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We Like These Underlying Return On Capital Trends At Kingfisher (LON:KGF)

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If we want to find a potential multi-bagger, often there are underlying trends that can provide clues. Typically, we'll want to notice a trend of growing return on capital employed (ROCE) and alongside that, an expanding base of capital employed. Ultimately, this demonstrates that it's a business that is reinvesting profits at increasing rates of return. With that in mind, we've noticed some promising trends at Kingfisher (LON:KGF) so let's look a bit deeper.

Understanding Return On Capital Employed (ROCE)

For those that aren't sure what ROCE is, it measures the amount of pre-tax profits a company can generate from the capital employed in its business. To calculate this metric for Kingfisher, this is the formula:

Return on Capital Employed = Earnings Before Interest and Tax (EBIT) ÷ (Total Assets - Current Liabilities)

0.13 = UK£1.2b ÷ (UK£13b - UK£3.6b) (Based on the trailing twelve months to July 2021).

So, Kingfisher has an ROCE of 13%. In absolute terms, that's a pretty normal return, and it's somewhat close to the Specialty Retail industry average of 15%.

Check out our latest analysis for Kingfisher

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Above you can see how the current ROCE for Kingfisher compares to its prior returns on capital, but there's only so much you can tell from the past. If you'd like, you can check out the forecasts from the analysts covering Kingfisher here for free.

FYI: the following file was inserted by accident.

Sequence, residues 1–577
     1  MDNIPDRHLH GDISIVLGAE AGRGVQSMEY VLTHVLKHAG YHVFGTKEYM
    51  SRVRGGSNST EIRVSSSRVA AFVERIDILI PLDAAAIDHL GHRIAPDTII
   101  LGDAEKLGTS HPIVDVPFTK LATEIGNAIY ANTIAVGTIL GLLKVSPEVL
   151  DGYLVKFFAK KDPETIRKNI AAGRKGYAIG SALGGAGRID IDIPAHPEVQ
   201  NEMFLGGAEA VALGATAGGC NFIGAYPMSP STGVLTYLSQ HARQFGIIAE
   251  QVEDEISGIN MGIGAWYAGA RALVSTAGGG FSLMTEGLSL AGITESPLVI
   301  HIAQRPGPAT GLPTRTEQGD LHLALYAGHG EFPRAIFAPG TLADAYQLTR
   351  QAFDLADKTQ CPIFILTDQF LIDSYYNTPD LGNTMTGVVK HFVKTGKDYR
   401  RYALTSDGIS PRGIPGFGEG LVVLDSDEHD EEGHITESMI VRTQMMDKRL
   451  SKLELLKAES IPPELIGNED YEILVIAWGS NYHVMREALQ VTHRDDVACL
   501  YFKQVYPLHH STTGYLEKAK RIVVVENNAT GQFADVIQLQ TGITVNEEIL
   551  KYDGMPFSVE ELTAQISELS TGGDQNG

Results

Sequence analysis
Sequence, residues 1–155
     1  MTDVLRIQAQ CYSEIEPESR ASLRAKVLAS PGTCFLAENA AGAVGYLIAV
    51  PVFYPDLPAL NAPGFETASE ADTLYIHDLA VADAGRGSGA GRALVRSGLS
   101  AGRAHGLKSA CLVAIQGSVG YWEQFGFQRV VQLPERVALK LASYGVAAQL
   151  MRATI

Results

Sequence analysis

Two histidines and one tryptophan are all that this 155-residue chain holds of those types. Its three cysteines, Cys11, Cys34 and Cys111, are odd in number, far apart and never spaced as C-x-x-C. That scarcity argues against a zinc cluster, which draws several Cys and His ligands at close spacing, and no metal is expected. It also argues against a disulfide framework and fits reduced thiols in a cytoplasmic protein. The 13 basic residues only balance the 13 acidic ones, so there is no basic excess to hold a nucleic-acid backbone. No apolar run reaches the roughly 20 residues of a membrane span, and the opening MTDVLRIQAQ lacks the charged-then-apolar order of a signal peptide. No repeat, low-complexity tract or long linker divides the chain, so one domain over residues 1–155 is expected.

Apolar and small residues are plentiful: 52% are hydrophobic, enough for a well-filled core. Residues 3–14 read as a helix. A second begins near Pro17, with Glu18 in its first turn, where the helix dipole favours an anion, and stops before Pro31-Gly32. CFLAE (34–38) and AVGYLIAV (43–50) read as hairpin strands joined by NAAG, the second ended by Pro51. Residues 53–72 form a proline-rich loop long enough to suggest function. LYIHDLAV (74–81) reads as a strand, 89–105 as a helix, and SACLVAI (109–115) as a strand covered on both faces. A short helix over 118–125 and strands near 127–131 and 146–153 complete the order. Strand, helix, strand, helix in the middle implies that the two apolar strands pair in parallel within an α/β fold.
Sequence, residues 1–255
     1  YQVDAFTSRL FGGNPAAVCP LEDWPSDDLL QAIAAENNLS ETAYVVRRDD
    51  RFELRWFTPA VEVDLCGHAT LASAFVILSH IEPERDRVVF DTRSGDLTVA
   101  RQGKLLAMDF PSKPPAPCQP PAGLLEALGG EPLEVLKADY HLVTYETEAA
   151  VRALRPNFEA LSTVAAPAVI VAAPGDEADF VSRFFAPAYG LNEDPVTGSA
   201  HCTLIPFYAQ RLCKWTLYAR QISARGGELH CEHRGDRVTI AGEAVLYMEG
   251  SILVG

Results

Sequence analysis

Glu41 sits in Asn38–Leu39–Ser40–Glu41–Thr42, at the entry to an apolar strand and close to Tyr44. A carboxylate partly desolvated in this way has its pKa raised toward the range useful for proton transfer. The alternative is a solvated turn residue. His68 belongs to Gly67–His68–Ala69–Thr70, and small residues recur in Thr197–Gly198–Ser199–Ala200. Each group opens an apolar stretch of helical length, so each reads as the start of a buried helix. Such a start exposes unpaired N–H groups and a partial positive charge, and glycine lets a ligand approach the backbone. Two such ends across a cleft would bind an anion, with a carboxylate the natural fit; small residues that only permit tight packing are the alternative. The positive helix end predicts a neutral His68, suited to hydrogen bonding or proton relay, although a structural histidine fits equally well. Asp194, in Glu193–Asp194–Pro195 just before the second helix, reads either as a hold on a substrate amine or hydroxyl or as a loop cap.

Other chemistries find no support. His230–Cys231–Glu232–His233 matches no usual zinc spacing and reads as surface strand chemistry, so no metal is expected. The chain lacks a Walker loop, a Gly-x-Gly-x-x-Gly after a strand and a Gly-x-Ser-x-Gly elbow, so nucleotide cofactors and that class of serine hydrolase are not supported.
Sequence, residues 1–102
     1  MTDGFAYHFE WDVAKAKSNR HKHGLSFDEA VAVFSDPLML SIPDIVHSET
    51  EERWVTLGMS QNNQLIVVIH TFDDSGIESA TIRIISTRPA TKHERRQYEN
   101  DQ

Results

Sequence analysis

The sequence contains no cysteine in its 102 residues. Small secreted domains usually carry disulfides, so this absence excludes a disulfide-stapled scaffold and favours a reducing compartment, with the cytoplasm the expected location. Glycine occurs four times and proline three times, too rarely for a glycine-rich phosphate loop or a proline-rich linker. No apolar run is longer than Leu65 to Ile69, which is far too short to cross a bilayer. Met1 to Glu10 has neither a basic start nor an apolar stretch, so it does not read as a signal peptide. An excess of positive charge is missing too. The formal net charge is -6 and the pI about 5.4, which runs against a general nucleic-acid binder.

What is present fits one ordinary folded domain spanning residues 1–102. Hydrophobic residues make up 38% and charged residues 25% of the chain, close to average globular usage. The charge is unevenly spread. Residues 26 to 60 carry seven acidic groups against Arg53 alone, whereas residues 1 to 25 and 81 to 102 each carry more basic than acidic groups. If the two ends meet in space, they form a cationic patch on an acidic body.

What Does the ROCE Trend For Kingfisher Tell Us?

Kingfisher is displaying some positive trends. Over the last five years, returns on capital employed have risen substantially to 13%. Basically the business is earning more per dollar of capital invested and in addition to that, 26% more capital is being employed now too. The increasing returns on a growing amount of capital is common amongst multi-baggers and that's why we're impressed.

Our Take On Kingfisher's ROCE

All in all, it's terrific to see that Kingfisher is reaping the rewards from prior investments and is growing its capital base. Considering the stock has delivered 11% to its stockholders over the last five years, it may be fair to think that investors aren't fully aware of the promising trends yet. So exploring more about this stock could uncover a good opportunity, if the valuation and other metrics stack up.

On a final note, we found 2 warning signs for Kingfisher (1 is potentially serious) you should be aware of.

While Kingfisher isn't earning the highest return, check out this free list of companies that are earning high returns on equity with solid balance sheets.

Have feedback on this article? Concerned about the content? Get in touch with us directly. Alternatively, email editorial-team (at) simplywallst.com.

This article by Simply Wall St is general in nature. We provide commentary based on historical data and analyst forecasts only using an unbiased methodology and our articles are not intended to be financial advice. It does not constitute a recommendation to buy or sell any stock, and does not take account of your objectives, or your financial situation. We aim to bring you long-term focused analysis driven by fundamental data. Note that our analysis may not factor in the latest price-sensitive company announcements or qualitative material. Simply Wall St has no position in any stocks mentioned.

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